Studies have shown that roundabouts are safer than other types of traffic controls. Roundabouts allow traffic to continue moving and, as long as everyone understands how to use the roundabout correctly, they can lower the odds of an accident. Drivers are simply supposed to merge into the roundabout in a way that fits with traffic that is already in it, which includes waiting their turn if necessary.
In any case, San Diego does have some roundabouts that are supposed to help keep people safe. But does it need even more?
The plan is significantly off schedule
In 2015, the Climate Action Plan came into effect, and the goal was to build 15 roundabouts in San Diego by 2020. However, over the next five years, the city constructed only two new roundabouts.
City officials did update the goal to say that now they want to have 13 more roundabouts by 2030 and 20 more in 2035. But it is unclear if any of this will be possible, given the city’s track record of building roundabouts.
What makes roundabouts better?
Roundabouts are beneficial on numerous levels. For one thing, they tend to slow down traffic.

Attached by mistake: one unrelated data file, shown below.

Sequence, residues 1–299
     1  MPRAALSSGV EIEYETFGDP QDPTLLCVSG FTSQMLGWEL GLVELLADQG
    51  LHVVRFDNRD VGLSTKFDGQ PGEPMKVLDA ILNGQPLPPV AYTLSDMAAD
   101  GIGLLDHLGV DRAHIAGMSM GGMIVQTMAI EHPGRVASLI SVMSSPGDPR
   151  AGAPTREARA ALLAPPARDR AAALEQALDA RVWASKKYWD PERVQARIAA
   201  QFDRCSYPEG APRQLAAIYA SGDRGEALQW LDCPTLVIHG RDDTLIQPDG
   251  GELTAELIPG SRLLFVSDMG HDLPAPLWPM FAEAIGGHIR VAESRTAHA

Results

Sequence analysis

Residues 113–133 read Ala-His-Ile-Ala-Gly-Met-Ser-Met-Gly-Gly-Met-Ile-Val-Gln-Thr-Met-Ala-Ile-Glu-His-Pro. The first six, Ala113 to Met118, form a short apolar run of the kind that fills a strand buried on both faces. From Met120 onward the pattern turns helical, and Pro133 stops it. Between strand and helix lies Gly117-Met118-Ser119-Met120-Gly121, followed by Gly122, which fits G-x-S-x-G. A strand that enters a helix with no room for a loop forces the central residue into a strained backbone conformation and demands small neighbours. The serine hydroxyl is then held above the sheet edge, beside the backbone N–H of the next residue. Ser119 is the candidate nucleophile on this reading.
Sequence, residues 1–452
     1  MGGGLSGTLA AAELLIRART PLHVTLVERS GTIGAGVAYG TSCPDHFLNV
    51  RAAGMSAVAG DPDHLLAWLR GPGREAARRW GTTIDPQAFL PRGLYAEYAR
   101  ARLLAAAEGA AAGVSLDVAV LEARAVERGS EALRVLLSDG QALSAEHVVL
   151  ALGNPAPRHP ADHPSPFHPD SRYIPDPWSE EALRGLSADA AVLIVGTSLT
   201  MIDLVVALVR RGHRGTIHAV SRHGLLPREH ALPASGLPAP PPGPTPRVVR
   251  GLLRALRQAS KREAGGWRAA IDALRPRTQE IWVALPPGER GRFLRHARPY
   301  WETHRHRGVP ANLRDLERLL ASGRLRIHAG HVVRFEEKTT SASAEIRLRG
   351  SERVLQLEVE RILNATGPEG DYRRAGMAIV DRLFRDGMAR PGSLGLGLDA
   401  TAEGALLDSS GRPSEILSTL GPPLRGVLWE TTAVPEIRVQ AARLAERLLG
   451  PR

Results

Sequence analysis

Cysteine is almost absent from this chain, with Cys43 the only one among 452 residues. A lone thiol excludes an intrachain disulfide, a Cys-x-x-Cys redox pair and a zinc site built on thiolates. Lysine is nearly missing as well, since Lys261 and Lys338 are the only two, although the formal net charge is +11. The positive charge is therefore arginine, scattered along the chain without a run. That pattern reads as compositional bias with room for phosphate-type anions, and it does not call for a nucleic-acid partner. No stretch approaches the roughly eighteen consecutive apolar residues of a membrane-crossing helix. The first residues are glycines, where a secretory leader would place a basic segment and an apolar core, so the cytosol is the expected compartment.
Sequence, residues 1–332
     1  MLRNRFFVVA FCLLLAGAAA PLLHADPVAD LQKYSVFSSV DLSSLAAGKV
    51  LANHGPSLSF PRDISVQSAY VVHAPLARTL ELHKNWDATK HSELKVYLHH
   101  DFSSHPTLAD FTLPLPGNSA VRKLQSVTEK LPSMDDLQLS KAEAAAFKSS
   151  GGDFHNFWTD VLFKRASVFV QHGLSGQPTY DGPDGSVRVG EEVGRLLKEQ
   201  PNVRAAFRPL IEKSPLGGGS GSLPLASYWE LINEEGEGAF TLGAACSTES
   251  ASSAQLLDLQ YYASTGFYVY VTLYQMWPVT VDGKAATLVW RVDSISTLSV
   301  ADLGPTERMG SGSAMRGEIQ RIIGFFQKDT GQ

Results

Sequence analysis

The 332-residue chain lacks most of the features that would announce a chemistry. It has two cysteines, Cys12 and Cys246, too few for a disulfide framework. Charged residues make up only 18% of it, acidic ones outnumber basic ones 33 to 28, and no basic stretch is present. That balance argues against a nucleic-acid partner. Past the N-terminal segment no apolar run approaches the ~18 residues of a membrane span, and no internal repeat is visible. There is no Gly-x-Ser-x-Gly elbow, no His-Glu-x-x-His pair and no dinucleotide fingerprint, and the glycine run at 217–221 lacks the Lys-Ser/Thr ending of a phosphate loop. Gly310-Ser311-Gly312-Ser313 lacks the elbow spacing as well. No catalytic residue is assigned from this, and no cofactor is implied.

Roundabouts do not require much maintenance once they have been built.
Vehicles do not have to idle, reducing emissions, which is part of the reason that it was included in the Climate Action Plan.
Additionally, roundabouts can keep pedestrians safe. If pedestrians cross one lane of traffic, they can wait in the median until it is time to cross the other lane. Without roundabouts or medians, pedestrians will sometimes do this by standing in the turn lane, but this is very dangerous and should never be done.
Will more roundabouts be built?
It is not clear whether the roundabout construction goals will be met in the years to come. Regardless, if you suffer injuries in a car accident, be sure you know about all of your legal options.